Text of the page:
In 1992, Rage Against The Machine was already taking its first steps in the great leagues of music. After releasing a demo and gaining recognition with some presentations in clubs and stages, Zack de la Rocha’s band signed with the Epic label and prepared their debut album.
The full-length is an unexpected success and quickly reaches the top of the Billboard charts. Pioneers in the fusion of hip hop and metal, they were characterized by their rebellious, irreverent spirit and their protest lyrics against the system. De la Rocha sang in a very visceral way, and accompanied by his powerful band they created an explosive fusion that reached the ears of people in search of spokesmen against injustice. The music spread throughout California and much of the United States.
On the first album, the homonymous song appears: “Killing in the Name Of, which has a whole story behind it and is surrounded by events to remember. Movement is a problem that has been present for many years in the society of the United States and that even today prevails: racism.
Guitarist Tom Morello revealed how one of Rage Against The Machine’s greatest hits, the song “Killing In The Name”, was born in an interview with the podcast Rolling Stone Music Now.
According to him, the lyrics, “one of the most brilliant composed by Zack de la Rocha”, refer to the abolitionist Frederick Douglass, who stated that the moment he became free was not when he was physically released from his bonds, but when the master said “yes” and he said “no”.
“‘Fuck you, I won’t do what you tell me’ is a universal sentiment,” Tom Morello told Rolling Stone about the track’s famous chant. “While it’s a simple lyric, I think it’s one of [Zack de la Rocha’s] most brilliant. And to me, it relates to Frederick Douglass. Frederick Douglass said the moment he became free was not the moment that he was physically loosed from his bonds.”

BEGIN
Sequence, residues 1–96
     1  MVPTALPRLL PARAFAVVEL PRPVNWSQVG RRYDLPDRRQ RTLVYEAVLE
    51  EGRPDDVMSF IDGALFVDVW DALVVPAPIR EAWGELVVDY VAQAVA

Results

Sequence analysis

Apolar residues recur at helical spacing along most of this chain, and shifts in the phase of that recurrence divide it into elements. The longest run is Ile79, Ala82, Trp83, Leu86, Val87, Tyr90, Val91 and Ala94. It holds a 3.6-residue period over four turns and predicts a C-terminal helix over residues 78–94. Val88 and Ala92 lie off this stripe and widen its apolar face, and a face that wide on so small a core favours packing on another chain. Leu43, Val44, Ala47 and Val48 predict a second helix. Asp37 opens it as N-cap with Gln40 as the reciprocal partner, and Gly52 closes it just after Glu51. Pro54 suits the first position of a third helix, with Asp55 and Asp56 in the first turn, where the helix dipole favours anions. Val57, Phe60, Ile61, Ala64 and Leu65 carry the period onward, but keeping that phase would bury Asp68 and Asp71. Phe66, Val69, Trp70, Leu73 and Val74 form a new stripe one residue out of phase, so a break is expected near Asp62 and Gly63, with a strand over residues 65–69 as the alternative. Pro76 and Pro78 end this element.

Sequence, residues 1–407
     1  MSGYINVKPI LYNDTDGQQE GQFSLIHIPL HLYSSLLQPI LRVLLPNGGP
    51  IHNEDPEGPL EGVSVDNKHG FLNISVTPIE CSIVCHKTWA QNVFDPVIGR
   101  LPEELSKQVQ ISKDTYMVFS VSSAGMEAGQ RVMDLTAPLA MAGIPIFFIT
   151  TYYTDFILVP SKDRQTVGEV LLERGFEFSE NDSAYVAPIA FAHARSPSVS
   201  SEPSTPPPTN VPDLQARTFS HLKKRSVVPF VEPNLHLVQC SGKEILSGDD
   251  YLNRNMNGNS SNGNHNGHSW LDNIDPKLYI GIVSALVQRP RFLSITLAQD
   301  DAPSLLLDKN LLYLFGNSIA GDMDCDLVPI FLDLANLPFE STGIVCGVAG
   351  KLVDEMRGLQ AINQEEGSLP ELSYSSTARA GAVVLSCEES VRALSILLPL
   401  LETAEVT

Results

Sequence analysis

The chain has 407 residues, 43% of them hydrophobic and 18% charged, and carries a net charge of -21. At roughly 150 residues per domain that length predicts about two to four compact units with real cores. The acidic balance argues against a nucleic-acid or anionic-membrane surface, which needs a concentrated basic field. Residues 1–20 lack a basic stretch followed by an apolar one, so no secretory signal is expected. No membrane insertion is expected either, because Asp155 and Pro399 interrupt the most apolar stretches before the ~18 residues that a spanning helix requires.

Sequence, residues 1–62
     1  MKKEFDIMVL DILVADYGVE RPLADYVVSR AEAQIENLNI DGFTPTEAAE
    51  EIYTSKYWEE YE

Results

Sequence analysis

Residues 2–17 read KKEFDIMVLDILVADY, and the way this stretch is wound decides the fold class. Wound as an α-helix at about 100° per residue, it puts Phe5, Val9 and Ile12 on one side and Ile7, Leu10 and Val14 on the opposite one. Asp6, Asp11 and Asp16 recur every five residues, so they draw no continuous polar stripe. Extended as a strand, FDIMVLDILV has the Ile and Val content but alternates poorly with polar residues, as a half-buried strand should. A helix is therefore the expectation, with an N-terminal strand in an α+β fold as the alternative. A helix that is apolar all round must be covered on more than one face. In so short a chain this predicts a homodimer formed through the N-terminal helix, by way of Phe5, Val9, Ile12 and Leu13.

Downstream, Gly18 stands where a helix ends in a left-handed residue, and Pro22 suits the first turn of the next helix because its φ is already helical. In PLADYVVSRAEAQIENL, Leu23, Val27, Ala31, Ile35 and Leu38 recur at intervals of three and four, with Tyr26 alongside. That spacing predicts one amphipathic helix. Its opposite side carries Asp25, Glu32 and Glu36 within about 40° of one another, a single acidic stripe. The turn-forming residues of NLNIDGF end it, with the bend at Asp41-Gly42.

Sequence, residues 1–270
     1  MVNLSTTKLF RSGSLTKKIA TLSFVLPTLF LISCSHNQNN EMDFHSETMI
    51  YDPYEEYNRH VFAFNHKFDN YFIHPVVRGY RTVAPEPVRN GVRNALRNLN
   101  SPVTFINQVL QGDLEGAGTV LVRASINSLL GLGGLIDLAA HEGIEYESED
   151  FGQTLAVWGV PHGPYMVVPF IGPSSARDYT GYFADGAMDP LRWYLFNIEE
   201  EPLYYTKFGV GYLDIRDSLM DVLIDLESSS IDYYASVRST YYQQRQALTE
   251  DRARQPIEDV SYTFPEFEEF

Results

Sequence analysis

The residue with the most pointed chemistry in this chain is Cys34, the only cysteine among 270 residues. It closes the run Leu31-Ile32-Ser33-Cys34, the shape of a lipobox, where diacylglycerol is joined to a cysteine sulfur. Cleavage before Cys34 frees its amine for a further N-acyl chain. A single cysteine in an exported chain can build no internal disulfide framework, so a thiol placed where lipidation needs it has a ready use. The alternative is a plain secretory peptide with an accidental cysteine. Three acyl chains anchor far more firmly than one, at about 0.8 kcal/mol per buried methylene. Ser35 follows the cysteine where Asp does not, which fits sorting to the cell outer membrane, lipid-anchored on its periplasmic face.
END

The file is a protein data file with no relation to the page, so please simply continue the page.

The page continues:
“It was the moment when master said, ‘Yes.’ And he said, ‘No.’ And that’s the essence of ‘Fuck you, I will not do what you tell me.’ And that’s why it’s encouraging to hear it shouted at the Fed goons who are shooting tear gas at American citizens,” he added.
Tom Morello also told about how he created the instrumental “Killing In The Name”, when he was teaching guitar and showing his student how to play drop-D, taught by Maynard Keenan from Tool.
Commerford’s isolated bass sets the track into a full brand new scope and it is still warranted to give shivers down your ridge. It’s arguably the right musical significance in the song that sells the whole thing. Though De La Rocha’s cryptic theme is poetic and poignant, with a few strums, Commerford has us on the corner of our couches.
Listen to the Isolated Bass Track Below: